● Jesus gives us the impression, gives his mother the impression, that he would rather be one among the many guests at a provincial wedding.
And in each Epiphany story we see a return movement – coming and going:
● The Wise Men return – but by another road (Matthew 2: 12);
● After his baptism, Christ returns from the Jordan (Luke 4; 1), and goes into the wilderness (verse 1) and then returns to Galilee (verse 14);
● After the wedding at Cana, Jesus goes back to Capernaum with his mother, his brothers and his disciples (see John 2: 12).
Going and returning, sending and receiving, these are important subplots in the Epiphany stories. And here this morning, we are presented with what that return means.
Returning to their kingdoms, the ageing magus asks, in the words of TS Eliot (‘Journey of the Magi’):
… were we led all that way for
Birth or Death? …
And he reflects on what he has returned to:
We returned to our places, these Kingdoms,
But no longer at ease here, in the old dispensation,
With an alien people clutching their gods.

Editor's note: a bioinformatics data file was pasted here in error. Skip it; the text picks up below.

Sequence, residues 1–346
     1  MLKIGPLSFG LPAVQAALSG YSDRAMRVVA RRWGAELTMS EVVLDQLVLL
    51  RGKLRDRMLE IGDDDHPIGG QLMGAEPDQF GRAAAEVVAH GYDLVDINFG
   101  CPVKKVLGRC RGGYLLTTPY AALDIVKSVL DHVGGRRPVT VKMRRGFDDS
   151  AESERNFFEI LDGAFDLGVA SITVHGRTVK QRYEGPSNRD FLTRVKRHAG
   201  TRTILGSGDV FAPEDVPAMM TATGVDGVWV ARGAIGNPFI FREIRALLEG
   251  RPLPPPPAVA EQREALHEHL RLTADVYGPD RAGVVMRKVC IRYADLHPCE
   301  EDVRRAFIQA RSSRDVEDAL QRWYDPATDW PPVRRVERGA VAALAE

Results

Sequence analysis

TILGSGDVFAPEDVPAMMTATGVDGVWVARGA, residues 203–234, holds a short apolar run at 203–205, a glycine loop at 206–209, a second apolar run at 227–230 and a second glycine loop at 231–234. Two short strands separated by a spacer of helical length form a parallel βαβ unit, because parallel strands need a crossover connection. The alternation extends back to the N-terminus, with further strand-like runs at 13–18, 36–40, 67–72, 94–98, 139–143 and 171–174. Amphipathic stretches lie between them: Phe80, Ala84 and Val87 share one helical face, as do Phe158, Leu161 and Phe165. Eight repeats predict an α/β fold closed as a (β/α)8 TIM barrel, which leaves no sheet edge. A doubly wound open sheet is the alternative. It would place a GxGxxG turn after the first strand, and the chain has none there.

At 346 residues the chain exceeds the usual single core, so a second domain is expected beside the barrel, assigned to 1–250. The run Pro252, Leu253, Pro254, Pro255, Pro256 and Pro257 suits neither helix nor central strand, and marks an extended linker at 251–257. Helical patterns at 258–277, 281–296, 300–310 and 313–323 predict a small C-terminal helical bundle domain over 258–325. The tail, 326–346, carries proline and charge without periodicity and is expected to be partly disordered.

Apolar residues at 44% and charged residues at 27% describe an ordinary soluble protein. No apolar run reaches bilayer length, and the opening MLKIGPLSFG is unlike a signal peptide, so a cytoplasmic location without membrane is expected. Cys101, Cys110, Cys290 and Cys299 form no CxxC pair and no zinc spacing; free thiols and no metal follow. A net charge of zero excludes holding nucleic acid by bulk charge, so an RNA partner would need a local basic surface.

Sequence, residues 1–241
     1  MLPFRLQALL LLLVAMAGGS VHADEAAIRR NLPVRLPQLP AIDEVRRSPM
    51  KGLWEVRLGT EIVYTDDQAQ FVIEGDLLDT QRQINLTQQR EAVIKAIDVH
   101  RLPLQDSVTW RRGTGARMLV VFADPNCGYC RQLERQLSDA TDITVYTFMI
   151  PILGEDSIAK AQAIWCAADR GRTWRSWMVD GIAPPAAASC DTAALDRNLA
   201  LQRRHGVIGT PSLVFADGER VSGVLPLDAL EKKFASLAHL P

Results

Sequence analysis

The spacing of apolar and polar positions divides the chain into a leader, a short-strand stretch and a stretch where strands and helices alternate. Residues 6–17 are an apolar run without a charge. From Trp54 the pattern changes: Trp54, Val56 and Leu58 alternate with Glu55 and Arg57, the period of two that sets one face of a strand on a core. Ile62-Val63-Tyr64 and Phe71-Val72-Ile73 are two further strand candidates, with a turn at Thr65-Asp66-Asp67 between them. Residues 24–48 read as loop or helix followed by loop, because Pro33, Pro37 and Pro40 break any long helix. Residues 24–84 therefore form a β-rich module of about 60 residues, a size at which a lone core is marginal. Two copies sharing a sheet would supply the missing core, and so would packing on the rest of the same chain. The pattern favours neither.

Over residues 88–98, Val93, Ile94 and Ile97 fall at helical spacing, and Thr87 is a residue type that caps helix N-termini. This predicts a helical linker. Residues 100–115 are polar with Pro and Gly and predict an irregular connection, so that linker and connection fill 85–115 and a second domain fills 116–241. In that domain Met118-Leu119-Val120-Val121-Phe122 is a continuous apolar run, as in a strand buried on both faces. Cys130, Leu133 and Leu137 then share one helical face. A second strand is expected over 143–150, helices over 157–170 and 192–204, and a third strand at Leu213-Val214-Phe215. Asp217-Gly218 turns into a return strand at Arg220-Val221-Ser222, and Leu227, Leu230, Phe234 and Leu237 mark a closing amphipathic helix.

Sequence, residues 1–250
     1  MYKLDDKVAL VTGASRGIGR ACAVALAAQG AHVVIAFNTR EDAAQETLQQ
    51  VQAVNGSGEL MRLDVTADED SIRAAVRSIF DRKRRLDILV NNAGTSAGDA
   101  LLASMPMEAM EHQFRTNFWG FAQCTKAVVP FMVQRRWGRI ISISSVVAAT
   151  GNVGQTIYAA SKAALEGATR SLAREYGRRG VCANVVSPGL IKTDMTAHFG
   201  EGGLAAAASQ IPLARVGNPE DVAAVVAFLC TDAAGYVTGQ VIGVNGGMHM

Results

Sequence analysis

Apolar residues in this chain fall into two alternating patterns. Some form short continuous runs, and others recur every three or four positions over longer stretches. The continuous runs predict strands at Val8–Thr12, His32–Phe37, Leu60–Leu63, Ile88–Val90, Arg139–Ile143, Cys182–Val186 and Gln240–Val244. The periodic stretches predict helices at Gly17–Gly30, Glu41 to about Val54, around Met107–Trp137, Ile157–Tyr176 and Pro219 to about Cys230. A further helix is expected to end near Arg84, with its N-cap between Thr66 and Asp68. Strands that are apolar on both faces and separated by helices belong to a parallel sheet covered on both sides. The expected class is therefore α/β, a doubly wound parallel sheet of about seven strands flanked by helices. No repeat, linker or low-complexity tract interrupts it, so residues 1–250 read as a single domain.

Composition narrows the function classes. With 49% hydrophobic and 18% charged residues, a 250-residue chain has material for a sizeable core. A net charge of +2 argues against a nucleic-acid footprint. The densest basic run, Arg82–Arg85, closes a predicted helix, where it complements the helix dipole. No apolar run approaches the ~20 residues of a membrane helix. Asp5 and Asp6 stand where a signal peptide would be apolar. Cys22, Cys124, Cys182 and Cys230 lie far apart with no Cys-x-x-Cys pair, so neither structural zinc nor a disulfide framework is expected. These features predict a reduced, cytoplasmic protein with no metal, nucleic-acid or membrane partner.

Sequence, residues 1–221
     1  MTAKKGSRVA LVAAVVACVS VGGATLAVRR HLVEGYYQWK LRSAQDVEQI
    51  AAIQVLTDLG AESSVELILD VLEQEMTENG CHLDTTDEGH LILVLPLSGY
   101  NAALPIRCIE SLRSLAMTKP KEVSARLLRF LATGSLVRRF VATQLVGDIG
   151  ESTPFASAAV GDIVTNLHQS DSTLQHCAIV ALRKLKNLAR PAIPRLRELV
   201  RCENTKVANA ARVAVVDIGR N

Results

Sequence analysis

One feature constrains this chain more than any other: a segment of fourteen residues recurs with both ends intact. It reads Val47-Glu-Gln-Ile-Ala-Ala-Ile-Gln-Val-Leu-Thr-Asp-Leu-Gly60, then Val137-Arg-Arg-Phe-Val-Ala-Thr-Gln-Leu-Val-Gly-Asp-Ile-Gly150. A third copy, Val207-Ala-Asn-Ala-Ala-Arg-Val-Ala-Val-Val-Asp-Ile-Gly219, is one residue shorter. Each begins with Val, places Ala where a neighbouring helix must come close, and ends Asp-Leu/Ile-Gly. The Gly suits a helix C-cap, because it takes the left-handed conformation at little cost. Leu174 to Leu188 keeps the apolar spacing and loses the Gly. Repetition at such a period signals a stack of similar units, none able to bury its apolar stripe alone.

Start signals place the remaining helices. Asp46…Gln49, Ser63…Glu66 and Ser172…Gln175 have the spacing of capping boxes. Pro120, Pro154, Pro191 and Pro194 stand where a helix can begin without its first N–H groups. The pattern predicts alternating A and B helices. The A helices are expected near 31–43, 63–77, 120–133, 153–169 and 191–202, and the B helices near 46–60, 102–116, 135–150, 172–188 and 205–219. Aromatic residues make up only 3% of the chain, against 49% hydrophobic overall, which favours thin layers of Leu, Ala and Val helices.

I should be glad of another death.
Returning from the Epiphany moments leaves us no longer at ease with old dispensations, clutching to old gods. Instead, Epiphany challenges us to examine what religion means, to ask what true religion should be like.
And we have a response to that challenge in our Gospel reading this morning.
After the Epiphany moment at his Baptism, Christ has returned to Galilee, and is preaching in the synagogues. And in this morning’s reading when he stands up to read from the scrolls the passage he reads is almost like the agenda that is going to set out the rest of his ministry.
These words spoken by Jesus are his first adult words, his first words in ministry, as recorded in Saint Luke’s Gospel.
We should ask what the Epiphany is all about:
● Why were the Magi anointing the Christ Child with myrrh (see Matthew 2: 11)?
● What are those great deeds that John says Christ will do when he clears the threshing floor and gathers the wheat into his granary (Luke 3: 17)?